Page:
Few subdomains - is port 80 required for each?

Let’s say, I’ve got a domain like “mydomain.com”, and www.mydomain.com is its alias. I’ve installed certificate for www.mydomain.com and it works. I’ve added permanent redirection in mydomain.com to https://www.mydomain.com and it also works. My website has hrefs to subdomains like js.mydomain.com, img.mydomain.com, etc. Here is my question: should I create both port 80 and 443 hosts for each of these subdomains or port 443 would be enough? Please note, these subdomains are referred from my main site only, so I don’t expect, that anyone will type “http://img.mydomain.com” in his/her browser. Or is “http://” (i.e. port 80) necessary for search engines, etc.?

Also, what is better: either to issue separate certificate for each subdomain, or for all of them at once? And what will happen (what choice will be done) if I’ll type “–apache” in this case? Will I be asked by script or will it work somehow automatically?

Thank you.

I’ve read this topic: Add new subdomain but it didn’t help me to understand it all at 100%, sorry.

1 Like

Hi @DeadlineX

please read some basics:

So, if you want to use http validation, a working port 80 is required.

That’s your choice.

1 Like

Thank you for the reply,
Indeed, I’ve read the description yet before I began with Let’sEncrypt. May be I’ve forgot something… Nevertheless, I never created “/.well-known/acme-challenge/” subdirectory in the virtual host directory. Neither I edited the DNS TXT record, as I’ve got static IP. Then how it all could work? It works for one “root” domain now, so I’m considering to add another domain with few subdomains.
Should I create “/.well-known/acme-challenge/” subdirectories manually for each of my virtual hosts?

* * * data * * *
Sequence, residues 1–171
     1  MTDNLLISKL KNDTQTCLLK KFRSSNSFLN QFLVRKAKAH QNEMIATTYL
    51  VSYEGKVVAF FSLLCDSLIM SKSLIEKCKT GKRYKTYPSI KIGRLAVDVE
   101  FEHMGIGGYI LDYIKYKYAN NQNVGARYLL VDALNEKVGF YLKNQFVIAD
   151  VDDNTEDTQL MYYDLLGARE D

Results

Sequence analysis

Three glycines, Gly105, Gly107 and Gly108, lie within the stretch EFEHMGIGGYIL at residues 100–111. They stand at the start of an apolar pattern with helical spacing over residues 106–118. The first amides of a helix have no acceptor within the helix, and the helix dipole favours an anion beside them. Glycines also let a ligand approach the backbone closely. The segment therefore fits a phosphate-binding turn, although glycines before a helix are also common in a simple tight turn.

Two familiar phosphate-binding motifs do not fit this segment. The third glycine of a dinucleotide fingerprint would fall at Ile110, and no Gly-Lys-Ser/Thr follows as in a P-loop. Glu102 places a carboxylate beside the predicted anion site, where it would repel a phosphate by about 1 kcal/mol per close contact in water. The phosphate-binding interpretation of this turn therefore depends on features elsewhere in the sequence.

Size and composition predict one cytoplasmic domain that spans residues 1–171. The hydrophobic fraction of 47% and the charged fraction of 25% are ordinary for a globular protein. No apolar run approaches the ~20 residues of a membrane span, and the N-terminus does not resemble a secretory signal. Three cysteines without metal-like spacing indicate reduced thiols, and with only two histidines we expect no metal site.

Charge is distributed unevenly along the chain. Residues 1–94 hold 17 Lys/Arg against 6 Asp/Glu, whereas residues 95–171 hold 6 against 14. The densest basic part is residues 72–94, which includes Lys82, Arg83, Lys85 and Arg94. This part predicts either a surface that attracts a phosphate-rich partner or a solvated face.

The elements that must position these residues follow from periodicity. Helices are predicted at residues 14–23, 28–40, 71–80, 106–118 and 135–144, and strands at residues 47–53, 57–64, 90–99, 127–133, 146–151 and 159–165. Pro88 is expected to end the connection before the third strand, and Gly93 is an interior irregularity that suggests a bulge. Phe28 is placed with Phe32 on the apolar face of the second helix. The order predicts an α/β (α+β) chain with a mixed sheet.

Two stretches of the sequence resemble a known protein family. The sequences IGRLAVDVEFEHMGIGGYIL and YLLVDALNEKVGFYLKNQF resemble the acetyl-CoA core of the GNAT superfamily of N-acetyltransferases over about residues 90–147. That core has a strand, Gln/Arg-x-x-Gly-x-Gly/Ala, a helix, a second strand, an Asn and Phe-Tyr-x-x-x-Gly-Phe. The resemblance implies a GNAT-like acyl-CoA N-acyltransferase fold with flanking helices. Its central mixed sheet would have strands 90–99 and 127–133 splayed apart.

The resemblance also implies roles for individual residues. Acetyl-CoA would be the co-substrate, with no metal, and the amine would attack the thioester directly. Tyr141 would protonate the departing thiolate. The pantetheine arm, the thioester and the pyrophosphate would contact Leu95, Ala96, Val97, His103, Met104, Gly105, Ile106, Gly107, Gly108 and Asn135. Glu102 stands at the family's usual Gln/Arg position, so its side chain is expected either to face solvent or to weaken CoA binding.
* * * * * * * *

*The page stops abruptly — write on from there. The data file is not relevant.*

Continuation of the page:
Am I understanding it correctly, that all I need to do is to create the pairs for both domain and each of its subdomains, pointing to the same document home subdirectory:
mydomain.com:80 ==> /mydomain/home
mydomain.com:443 ==> /mydomain/home
sub1.mydomain.com:80 ==> /mydomain/sub1
sub1.mydomain.com:443 ==> /mydomain/sub1
sub2.mydomain.com:80 ==> /mydomain/sub2
sub2.mydomain.com:443 ==> /mydomain/sub2
… etc…
then I can just run certbot --apache, and it will:

  1. reinstall my existing certificate for “myexistingdomain.com
  2. create and install new certificates for the items, pointed above
    Or will Certbot look at “myexistingdomain.com” certificate, check if it is not getting expired (really it isn’t), and leave it as is?
1 Like

Please try it, then you know it.

If your configuration is clean, it may work. If your configuration is buggy, it may crash.

So I don’t know (and can’t know) the result.

1 Like

This topic was automatically closed 30 days after the last reply. New replies are no longer allowed.